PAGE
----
Detroit is in a political and public safety transfix, which has severely impacted the motion of the local government machine in delivering better and more effective city services for the more than 700,000 people who reside in this iconic city.

Public safety has been the dominant issue for most residents and businesses. And it is ridiculous that this city in the last four years has had four police chiefs, two of whom left in embarrassment after it was discovered they were having affairs with their subordinates, which became a distraction for the functioning of the number one security apparatus in the city, the Detroit Police Department.

In the next week or so, a new chief will be named to lead the men and women in blue at 1300 Beaubien. His name, widely reported, is James Craig, the current chief of police in Cincinnati.

Craig, himself a former Detroit police officer, if he accepts an offer will become the fifth police chief in Detroit in less than five years, unheard of anywhere. One would expect to have stable leadership at the most sensitive department of local government.

Chief Craig, who hails from the city, is anxious to come back and waiting for an offer. He told the Cincinnati media that Detroit is home for him. That means an offer would mean a homecoming appointment, one that would be hard to beat.

“What I did say is Detroit is home. James Craig is not running from Cincinnati because of a test he decided not to take. (Others) are saying I’m an opportunist. That’s not true,” Craig said. “Yes, it is an opportunity, but what is a major draw is it’s … home. Hard to compete with that.”

Apparently Craig is viewed as the best candidate to lead the troubled police department, which has been dealing with morale issues along with dwindling resources to fight the mountainous crime issues plaguing the city.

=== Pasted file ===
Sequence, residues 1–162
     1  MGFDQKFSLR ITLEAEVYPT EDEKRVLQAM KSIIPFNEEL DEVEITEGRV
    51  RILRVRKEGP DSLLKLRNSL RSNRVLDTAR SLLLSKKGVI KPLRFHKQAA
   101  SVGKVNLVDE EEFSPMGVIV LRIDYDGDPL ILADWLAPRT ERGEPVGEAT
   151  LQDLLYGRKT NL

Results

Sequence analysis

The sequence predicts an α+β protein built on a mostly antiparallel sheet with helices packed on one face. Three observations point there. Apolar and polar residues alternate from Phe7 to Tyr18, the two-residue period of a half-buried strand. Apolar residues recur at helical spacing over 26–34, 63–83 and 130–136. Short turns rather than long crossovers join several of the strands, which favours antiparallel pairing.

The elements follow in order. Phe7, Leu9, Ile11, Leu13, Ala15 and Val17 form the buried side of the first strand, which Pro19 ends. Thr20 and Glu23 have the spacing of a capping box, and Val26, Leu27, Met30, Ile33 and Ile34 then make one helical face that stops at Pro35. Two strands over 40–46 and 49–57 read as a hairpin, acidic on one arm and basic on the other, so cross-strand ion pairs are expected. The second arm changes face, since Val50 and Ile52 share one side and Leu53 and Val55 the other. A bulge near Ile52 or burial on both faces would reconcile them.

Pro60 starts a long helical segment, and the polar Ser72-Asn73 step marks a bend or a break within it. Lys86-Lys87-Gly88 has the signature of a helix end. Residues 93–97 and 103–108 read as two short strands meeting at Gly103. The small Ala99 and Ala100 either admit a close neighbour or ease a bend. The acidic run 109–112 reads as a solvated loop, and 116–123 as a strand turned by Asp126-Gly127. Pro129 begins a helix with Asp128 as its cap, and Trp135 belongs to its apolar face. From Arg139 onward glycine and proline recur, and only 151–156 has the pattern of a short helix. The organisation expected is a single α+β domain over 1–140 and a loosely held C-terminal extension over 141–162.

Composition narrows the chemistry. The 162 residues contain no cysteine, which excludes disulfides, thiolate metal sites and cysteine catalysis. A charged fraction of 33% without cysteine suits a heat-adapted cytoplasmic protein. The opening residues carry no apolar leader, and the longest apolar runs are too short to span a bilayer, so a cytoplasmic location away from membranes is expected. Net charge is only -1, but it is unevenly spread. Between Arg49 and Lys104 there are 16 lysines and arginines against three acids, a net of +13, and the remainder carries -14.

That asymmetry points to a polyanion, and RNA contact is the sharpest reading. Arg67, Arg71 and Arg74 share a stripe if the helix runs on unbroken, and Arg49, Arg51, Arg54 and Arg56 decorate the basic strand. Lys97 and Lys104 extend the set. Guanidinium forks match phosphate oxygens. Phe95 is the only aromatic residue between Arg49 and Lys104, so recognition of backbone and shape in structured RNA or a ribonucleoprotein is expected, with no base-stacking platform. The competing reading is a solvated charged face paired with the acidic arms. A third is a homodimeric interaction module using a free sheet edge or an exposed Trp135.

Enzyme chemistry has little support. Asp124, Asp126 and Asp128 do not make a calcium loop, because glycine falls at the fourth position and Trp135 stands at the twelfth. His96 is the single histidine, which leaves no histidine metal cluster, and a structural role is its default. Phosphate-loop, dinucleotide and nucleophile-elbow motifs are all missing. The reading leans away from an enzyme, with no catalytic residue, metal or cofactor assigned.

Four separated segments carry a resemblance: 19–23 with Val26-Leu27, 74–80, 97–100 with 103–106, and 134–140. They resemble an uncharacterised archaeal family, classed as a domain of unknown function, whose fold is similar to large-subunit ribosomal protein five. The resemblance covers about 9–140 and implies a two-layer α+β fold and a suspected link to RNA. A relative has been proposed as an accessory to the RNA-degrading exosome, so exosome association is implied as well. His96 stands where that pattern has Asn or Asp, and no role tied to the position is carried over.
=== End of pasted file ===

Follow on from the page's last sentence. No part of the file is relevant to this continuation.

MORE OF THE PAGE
It is refreshing to see someone like Craig optimistic about accepting a crucial position in Detroit. It will also be equally challenging to see how under his leadership this city can make evidence-based reforms and arrest crime.

When I heard that another chief of police was being sought, my natural reaction was, “Again! Let’s see how long this new top cop will last,” because it is damaging for a department that is struggling with morale and cuts to its resources to have another chief who might possibly only last for no more than a year.

I’m not suggesting that Craig, if appointed, will last only a year, but it is logical that a new mayor will bring in a new chief. However, if Craig does an outstanding job that lifts the department from the current tide and tackles public safety in an effective fashion, he could stay on board with a new administration to ensure a smooth transition.

Detroit’s current police chief, Chester Logan, announced he would be retiring.

Confidence in leadership at the top of the police department is important for the success of any crime fighting strategy.

Community policing should be at the top of the agenda of the new police boss because fighting crime should not be left to police officers alone. Repeatedly we’ve seen how the collaboration between law enforcement and the community not only builds trust but also enhances the work of the police in rooting out crime syndicates and averting possible crime that would have warranted massive resources to tackle.

But the Detroit Police Department is unique in that it sits at the heart of a local government that is going through transformation because of financial distress. The delicate balance for the department’s leader is to be innovative and steadfast in fighting crime and at the same time responding to the financial challenges of the city.

With only 3,000 officers, some have argued that it is hard to fight crime in a city of 700,000. But with new police cars and ambulance trucks donated recently by Detroit business leaders at the urging of Mayor Dave Bing, DPD should be equipped to more effectively respond to criminal activity.

The experience some have with DPD is that often there is a no-show when emergency calls are made to the police, because meager resources prevent them from responding to many of the calls.

Bankole Thompson is editor of the Michigan Chronicle and the author of the forthcoming book “Rising From the Ashes: Engaging Detroit’s Future With Courage.” His book “Obama and Black Loyalty,” published in 2010, follows his recent book, “Obama and Christian Loyalty” with an epilogue by Bob Weiner, former White House spokesman. Thompson is a political news analyst at WDET-101.9FM (NPR affiliate) and a member of the weekly “Obama Watch” Sunday evening roundtable on WLIB-1190AM New York and simulcast in New Jersey and Connecticut. E-mail This email address is being protected from spambots. You need JavaScript enabled to view it. or visit his personal page at

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